Teen's invention could charge your phone in 20... →
Waiting hours for a cellphone to charge may become a thing of the past, thanks to an 18-year-old high-school student’s invention.
Researchers successfully convert human skin cells... →
Scientists at Oregon Health & Science University and the Oregon National Primate Research Center (ONPRC) have successfully reprogrammed human skin cells to become embryonic stem cells capable of transforming into any other cell type in the body. It is believed that stem cell therapies hold the promise of replacing cells damaged through injury or illness. Diseases or conditions that might be...
New NASA base shapes the future of green building... →
The new NASA Sustainability Base was designed by William McDonough + Partners to embody the spirit of NASA while fostering collaboration, supporting health and well-being, and exceed the requirements of LEED® Platinum with systems that will eventually use only renewable energy and closed-loop water maintenance facilities. An exoskeleton approach provides for structural stability during seismic...
Silver nanoparticles provide clean water for $2 a... →
An aluminium water filter embedded with silver nanoparticles is being tested in India in the hope of reducing waterborne diseases.
The brain as a model for future supercomputers →
A Sandia National Laboratories-supported workshop in Albuquerque called NICE, for Neuro-Inspired Computational Elements workshop, discussed ways to use the brain’s superior ability to send electrical signals along massively parallel channels, with multiple intersections at downstream nodes, to handle rapidly changing, high-volume information. The hope is that rather than using the limited...
Come on, get happy, and crank up the music, say... →
You really can convince yourself to be happier, especially if you’re listening to an upbeat song while doing so.
3D printed ear binds biology with electronics →
Using 3D printing tools, scientists have created a functional ear that can “hear” radio frequencies far beyond the range of normal human capability.
Scientists develop drug that slows Alzheimer's in... →
A drug developed by scientists at the Salk Institute for Biological Studies, known as J147, reverses memory deficits and slows Alzheimer’s disease in aged mice following short-term treatment. The findings, published May 14 in the journal Alzheimer’s Research and Therapy, may pave the way to a new treatment.
New closed-captioning glasses help deaf go to the... →
This is a big moment for the deaf, many of whom haven’t been to the movies in a long time. The new glasses display closed captions just for the wearer, and they’re headed for 6,000 theaters across the country.
What does it mean to be posthuman? →
Bioscience and medical technology are propelling us beyond the old human limits. Are Extremes and The Posthuman good guides to this frontier?
Engineering the $325,000 in-vitro burger →
A researcher in the Netherlands wants to show the world — including potential donors — that in-vitro meat is a reality.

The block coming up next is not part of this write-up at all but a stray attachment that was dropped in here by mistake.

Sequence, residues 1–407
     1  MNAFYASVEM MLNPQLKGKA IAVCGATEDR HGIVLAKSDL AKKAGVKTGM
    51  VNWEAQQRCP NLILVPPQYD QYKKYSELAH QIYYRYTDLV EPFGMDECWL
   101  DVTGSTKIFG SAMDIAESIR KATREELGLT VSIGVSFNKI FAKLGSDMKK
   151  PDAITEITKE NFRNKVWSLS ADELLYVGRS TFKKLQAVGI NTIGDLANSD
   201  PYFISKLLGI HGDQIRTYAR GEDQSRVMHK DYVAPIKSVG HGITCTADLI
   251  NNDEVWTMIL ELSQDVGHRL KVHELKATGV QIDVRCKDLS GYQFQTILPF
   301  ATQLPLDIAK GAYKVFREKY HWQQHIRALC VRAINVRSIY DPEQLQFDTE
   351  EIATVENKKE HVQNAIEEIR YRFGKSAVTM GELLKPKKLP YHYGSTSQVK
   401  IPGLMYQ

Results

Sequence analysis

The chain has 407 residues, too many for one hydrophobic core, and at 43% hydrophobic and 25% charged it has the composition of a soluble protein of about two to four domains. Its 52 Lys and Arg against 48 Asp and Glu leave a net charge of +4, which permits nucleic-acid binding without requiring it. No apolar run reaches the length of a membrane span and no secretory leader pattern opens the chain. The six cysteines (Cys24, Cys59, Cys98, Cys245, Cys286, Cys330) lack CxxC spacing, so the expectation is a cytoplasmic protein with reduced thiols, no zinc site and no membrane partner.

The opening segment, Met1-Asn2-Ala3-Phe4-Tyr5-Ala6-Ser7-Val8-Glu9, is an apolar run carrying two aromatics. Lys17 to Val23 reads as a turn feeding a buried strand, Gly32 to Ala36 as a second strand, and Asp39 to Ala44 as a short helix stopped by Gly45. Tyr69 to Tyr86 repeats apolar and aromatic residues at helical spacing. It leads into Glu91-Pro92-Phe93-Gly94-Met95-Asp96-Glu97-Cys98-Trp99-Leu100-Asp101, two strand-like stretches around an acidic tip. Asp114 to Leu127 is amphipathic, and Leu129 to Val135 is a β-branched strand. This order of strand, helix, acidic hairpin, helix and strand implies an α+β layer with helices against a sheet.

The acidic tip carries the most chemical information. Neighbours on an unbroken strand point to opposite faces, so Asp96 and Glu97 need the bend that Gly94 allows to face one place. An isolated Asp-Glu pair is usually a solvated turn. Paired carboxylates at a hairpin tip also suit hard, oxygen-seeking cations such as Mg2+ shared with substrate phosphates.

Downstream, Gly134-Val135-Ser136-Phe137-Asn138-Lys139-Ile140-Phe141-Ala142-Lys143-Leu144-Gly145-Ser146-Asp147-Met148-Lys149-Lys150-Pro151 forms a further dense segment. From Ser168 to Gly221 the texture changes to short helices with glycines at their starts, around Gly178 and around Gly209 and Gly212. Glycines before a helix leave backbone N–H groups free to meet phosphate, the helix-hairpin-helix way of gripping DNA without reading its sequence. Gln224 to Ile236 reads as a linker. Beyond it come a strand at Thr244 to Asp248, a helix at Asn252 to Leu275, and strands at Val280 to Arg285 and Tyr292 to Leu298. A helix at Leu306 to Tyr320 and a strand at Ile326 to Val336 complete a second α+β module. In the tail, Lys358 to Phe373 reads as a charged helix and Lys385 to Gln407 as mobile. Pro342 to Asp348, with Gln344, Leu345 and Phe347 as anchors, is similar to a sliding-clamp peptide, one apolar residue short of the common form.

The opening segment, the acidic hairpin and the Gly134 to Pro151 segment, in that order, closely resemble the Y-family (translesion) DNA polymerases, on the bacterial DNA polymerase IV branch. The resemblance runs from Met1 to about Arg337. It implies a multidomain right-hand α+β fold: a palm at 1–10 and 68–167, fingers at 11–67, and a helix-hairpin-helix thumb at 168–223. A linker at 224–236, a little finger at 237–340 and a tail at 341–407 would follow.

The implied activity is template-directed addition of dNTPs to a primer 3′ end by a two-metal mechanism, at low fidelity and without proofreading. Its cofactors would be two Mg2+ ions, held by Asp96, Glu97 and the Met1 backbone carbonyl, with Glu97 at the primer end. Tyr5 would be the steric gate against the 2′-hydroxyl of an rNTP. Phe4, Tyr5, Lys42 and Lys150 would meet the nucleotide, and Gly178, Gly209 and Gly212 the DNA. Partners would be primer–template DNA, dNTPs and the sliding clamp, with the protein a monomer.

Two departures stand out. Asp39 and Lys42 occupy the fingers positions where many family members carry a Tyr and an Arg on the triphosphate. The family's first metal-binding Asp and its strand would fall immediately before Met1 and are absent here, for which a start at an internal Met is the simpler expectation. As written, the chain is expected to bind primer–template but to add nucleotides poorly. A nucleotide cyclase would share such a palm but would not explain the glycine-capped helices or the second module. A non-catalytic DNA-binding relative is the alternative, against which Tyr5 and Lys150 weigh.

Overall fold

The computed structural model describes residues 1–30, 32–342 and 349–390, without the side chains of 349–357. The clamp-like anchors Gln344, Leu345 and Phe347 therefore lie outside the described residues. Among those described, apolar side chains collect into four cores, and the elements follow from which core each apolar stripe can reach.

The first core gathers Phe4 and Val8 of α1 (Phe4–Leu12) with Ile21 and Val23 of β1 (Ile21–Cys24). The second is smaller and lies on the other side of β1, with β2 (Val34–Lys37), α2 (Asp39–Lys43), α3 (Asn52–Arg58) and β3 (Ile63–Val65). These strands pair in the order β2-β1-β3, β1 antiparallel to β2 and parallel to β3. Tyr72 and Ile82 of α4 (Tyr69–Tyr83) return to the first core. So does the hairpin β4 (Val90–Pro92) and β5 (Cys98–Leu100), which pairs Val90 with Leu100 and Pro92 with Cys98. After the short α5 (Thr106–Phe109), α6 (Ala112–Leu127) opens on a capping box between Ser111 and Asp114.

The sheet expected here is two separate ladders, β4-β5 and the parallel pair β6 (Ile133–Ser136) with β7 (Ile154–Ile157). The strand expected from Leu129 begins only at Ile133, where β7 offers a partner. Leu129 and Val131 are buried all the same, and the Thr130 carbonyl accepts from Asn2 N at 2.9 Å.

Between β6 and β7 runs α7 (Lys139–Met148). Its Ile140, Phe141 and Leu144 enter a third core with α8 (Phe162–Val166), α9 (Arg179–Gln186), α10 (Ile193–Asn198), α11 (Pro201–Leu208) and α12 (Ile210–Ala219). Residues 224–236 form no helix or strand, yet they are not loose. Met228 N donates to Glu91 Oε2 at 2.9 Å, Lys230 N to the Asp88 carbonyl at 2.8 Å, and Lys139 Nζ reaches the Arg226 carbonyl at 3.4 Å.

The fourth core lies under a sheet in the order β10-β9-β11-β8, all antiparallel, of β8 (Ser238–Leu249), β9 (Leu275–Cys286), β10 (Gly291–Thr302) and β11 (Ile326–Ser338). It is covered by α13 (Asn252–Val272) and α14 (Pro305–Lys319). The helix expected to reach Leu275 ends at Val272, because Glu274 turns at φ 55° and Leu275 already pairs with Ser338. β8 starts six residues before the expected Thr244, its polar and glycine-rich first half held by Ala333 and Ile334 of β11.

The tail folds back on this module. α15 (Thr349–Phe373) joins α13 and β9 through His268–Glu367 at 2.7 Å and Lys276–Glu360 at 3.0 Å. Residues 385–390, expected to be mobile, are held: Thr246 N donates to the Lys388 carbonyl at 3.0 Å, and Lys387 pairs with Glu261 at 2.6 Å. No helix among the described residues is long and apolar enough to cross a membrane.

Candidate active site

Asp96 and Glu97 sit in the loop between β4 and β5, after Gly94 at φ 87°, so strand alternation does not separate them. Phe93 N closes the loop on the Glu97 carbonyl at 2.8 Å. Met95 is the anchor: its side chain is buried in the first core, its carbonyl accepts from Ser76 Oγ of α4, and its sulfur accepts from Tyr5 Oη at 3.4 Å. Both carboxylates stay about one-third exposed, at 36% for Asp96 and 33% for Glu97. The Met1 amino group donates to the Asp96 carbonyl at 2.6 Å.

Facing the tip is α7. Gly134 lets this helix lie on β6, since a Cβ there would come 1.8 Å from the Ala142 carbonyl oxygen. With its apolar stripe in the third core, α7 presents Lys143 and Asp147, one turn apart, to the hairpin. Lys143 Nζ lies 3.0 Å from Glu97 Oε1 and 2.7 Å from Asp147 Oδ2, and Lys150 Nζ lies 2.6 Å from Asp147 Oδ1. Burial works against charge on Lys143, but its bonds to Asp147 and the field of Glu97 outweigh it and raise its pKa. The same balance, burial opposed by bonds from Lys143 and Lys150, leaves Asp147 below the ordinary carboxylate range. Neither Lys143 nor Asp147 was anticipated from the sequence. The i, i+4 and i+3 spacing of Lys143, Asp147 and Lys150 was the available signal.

Woman stuns researchers by overcoming cancer with... →
While expensive cancer drugs linked to premature death and mega-tumors are pushed by many mainstream doctors as the only option outside of chemotherapy, a growing number of informed individuals are consistently opting to instead utilize natural methods that are known to conquer cancer cells and effectively negate the disease — without harsh side effects. One such person, Vicky Stewart of Britain,...
Man finds out his runny nose was actually a leaky... →
A man who experienced a nearly constant runny nose was actually leaking brain fluid through his nostrils, according to Fox 10 News. Joe Nagy of Arizona had suffered from a seemingly endless runny nose. Doctors figured it was just a bad case of allergies, but Nagy’s symptoms were unaffected by medications.
So much win: People are now printing their own... →
3D Printed Robohand creates a functioning prosthetic at an affordable price.
Seeds of dementia: What do Alzheimer's,... →
A chain reaction of toxic proteins may help explain Alzheimer’s, Parkinson’s and other killers—an insight that could lead to desperately needed new treatment options
New sleep mask can effortlessly induce lucid... →
Instead of spending months learning how to lucid dream, take advantage of this great way to start dreaming consciously.
Mind-blowing ad has a secret anti-abuse message... →
In an effort to provide abused children with a safe way to reach out for help, a Spanish organization called the Aid to Children and Adolescents at Risk Foundation, or ANAR for short, created an ad that displays a different message for adults and children at the same time.
Human brain cells developed in lab, grow in mice →
A key type of human brain cell developed in the laboratory grows seamlessly when transplanted into the brains of mice, researchers have discovered, raising hope that these cells might one day be used to treat people with Parkinson’s disease, epilepsy, and possibly even Alzheimer’s disease, as well as and complications of spinal cord injury such as chronic pain and spasticity.
Gray hair and vitiligo amazingly reversed at the... →
Hair dye manufacturers are on notice: The cure for gray hair is coming. That’s right, the need to cover up one of the classic signs of aging with chemical pigments will be a thing of the past thanks to a team of European researchers. In a new research report published online in The FASEB Journal people who are going gray develop massive oxidative stress via accumulation of hydrogen...
5 viral videos that will inspire you to a greater... →
My favorite clips to share, like the pinnacle of any art form, inspire their audience to a greater vision of life — a vision of what’s possible that they might not have had before.
Physical by smartphone becoming real possibility →
It’s not a ‘Star Trek’ tricorder, but by hooking a variety of gadgets onto a smartphone you could almost get a complete physical - without the paper gown or even a visit to the doctor’s office.
Fascinating link discovered between poor sense of... →
Losing the sense of smell might be the first indication of dementia.